“I was admitted at 31kg,” Aneesa begins.
On a display cabinet in her living room is a graduation photograph of Aneesa when she obtained her MBBS medical degree.
The smile in her photograph betrays the eight years that she spent getting her degree, three of them battling anorexia.
Aneesa and her family are neighbours. I remember her as a little girl in the playground when I used to drop my younger sister to primary school.
She went to a local state secondary school where she excelled in her education, gaining a university place at one of London’s top medical schools. She is now in her late 20s.
“My eating disorder began at the end of my second year,” Aneesa continues. “I had everything: a loving family, a fit and healthy body, I came top in my exams…”
I try to find out what triggered Aneesa’s eating disorder so I ask her the stereotypical question that most people ignorant about anorexia ask those who suffer from it: “Were you unhappy with your body and looks?”
“That’s just it, I wasn’t,” she replies. “There are different triggers for eating disorders and one of them is certainly girls and young women who feel that they are fat, or because they want to look like a certain model or actress or celebrity.”
“But in my case it was my perfectionism,” she continues.
“I am a perfectionist and hard-worker in everything I do. So in my case my desire to make my body as perfect as I could was the trigger to my eating disorder.”
I remember what happened to Aneesa. I rang home from prison one day and my dad told me that Aneesa had been admitted into hospital. She was close to death.
“I met her father in the street and he just broke down in tears,” my dad told me. “Things are not looking good, pray for her.”
I spent many hours praying for Aneesa and asking my fellow prisoners to do the same. Her organs had begun to shut down and she was barely a skeleton.
“People think anorexia is a physical disease,” Aneesa continues. “It isn’t. It is a mental disorder. Anorexia is the only disease whose sufferers don’t want to be cured of it.”
I ask her whether Islam played any role in her disorder, either positively or negatively.
“I would spend hours poring through the books of hadith, trying to find any saying of the Prophet (pbuh) to justify to others that it was normal to eat very little.”
“My favourite was the saying of the Prophet (pbuh):
‘No man fills a vessel worse than his stomach. Sufficient it is for the son of Adam to eat one or two morsels to keep his back straight.’
I made it out as if I was trying to justify my condition to others, but in reality I was trying to convince myself that what I was doing was OK.”
Aneesa tells me that it all happened very quickly and before she knew it, she had deteriorated down to 31kg (5 stones, or 68 lbs). It was then that the reality hit her that she would die unless she did something about it immediately.
I ask Aneesa what the most difficult part of her ordeal was?
“Accepting that I had a problem,” she says. “Up to the point I agreed to be admitted into hospital, I was in denial. I refused to think that there was anything wrong with me. I thought that the people advising me to get help were the ones with a problem, not me.”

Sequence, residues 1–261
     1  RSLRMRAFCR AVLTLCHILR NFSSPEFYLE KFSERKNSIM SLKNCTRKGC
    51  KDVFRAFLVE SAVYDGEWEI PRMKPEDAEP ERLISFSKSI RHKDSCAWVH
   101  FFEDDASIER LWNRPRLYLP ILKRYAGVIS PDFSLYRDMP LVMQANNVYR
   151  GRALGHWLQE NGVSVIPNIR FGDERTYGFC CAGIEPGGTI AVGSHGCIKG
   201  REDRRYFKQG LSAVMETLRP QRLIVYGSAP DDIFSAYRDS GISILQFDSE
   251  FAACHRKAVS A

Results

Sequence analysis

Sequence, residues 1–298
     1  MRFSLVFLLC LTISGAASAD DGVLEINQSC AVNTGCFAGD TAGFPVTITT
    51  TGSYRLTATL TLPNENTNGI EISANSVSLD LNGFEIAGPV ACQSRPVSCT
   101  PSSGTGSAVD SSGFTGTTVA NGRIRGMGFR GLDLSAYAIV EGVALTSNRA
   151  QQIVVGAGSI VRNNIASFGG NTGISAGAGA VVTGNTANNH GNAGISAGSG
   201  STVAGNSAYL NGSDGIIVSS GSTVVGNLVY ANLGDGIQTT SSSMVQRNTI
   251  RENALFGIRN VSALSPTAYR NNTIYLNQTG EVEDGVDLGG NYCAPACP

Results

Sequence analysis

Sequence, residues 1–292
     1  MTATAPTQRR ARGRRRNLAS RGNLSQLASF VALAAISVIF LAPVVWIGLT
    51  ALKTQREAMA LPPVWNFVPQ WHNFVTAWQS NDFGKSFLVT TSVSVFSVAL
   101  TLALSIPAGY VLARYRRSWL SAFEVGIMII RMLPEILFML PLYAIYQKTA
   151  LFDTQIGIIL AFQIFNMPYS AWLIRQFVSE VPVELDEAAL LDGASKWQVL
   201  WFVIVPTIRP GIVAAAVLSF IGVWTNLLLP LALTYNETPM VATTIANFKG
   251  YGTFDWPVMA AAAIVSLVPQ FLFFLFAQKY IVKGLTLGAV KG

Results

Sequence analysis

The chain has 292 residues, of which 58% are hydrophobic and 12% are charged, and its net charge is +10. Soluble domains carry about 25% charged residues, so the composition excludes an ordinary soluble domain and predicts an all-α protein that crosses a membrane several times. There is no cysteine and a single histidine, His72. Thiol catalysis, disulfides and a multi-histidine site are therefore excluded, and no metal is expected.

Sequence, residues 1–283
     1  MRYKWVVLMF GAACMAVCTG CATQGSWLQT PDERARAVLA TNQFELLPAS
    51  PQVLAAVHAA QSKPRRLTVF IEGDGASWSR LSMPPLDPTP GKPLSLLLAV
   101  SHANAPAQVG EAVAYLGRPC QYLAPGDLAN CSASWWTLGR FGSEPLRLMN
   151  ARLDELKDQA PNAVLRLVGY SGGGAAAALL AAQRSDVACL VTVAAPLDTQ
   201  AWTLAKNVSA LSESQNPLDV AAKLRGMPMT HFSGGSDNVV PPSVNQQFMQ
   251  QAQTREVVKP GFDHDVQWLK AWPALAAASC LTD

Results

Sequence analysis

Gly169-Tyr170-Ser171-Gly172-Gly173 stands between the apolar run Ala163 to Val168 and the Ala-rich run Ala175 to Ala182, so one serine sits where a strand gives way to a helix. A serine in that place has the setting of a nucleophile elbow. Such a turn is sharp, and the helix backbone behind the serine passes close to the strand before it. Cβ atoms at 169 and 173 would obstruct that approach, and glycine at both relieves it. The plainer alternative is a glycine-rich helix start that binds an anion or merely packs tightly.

And her lowest point?
“Seeing my family suffer because of what I was going through,” she replies without hesitation.
But in Aneesa’s case there was a happy ending. After three long years in and out of hospital, she finally recovered.
She returned to medical school and graduated three years later. I ask her what gave her the strength to stay strong.
“Allah, of course, and then my family. I was blessed in that my family was right behind me throughout my ordeal,” she says.
Even though it has been seven years since she recovered, Aneesa is still getting treatment for the after-effects of her eating disorder.
She has difficulties falling, and staying asleep. In her spare time, she counsels other young Muslim girls battling anorexia.
“Anorexia is considered taboo in the Muslim community,” she comments.
“People don’t like to accept that it exists. Parents of anorexic girls think their daughter is being vain, or even possessed by jinn. They don’t think they need to seek help.”
“In many cases, something else is going on at home which triggers the eating disorder. Over-critical parents who destroy the self-confidence of their daughters, parents breaking up, broken marriages…”
I ask her what her advice would be to young girls struggling with an eating disorder.
“Accept that you have a problem, listen to those who love you, and get professional help. Fast.” I was lucky because I took action in time and recovered. Others have not been so lucky. Don’t leave it too late.”
Upon her request, I have not disclosed Aneesa’s real name and details from which she could be identified.
If you, or someone you know, suffered or suffers from an eating disorder, why don’t you share your experiences below?
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JazakALLAH hu kahir Dr. Aneesa 🙂 for sharing your story.
And you are right, with any mental disorder the hardest thing is to accept that something wrong with you.
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An eye opener and very touching wish her the best and kudos to you for the breadth of versatile topics on this blog.
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Sometimes it’s just genetics, in my case, my cousins were naturally more petite, whereas I saw myself as bigger. And the constant comparison, in my own head, thinking they’re more beautiful and I need to be that way. And then the terrible guilt, when I see my parents suffer, blaming themselves, thinking they did something wrong in my upbringing. No one chooses this. No one makes it happen. I don’t know why, but I just did happen, and it happened to me.